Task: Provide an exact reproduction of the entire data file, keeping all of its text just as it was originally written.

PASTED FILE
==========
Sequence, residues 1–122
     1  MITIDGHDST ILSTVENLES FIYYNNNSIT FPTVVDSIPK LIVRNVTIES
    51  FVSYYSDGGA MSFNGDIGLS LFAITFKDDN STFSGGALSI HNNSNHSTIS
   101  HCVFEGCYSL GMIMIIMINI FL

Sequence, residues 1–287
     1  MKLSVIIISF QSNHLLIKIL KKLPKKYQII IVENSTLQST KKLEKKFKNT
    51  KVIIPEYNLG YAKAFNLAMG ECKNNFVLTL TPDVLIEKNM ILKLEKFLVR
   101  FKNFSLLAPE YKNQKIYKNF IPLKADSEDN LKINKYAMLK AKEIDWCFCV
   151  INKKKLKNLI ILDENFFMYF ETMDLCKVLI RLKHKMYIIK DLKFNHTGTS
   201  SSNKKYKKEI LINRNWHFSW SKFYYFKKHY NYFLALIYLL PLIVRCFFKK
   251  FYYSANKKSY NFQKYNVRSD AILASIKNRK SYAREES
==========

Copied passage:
Sequence, residues 1–122
     1  MITIDGHDST ILSTVENLES FIYYNNNSIT FPTVVDSIPK LIVRNVTIES
    51  FVSYYSDGGA MSFNGDIGLS LFAITFKDDN STFSGGALSI HNNSNHSTIS
   101  HCVFEGCYSL GMIMIIMINI FL

Sequence, residues 1–287
     1  MKLSVIIISF QSNHLLIKIL KKLPKKYQII IVENSTLQST KKLEKKFKNT
    51  KVIIPEYNLG YAKAFNLAMG ECKNNFVLTL TPDVLIEKNM ILKLEKFLVR
   101  FKNFSLLAPE YKNQKIYKNF IPLKADSEDN LKINKYAMLK AKEIDWCFCV
   151  INKKKLKNLI ILDENFFMYF ETMDLCKVLI RLKHKMYIIK DLKFNHTGTS
   201  SSNKKYKKEI LINRNWHFSW SKFYYFKKHY NYFLALIYLL PLIVRCFFKK
   251  FYYSANKKSY NFQKYNVRSD AILASIKNRK SYAREES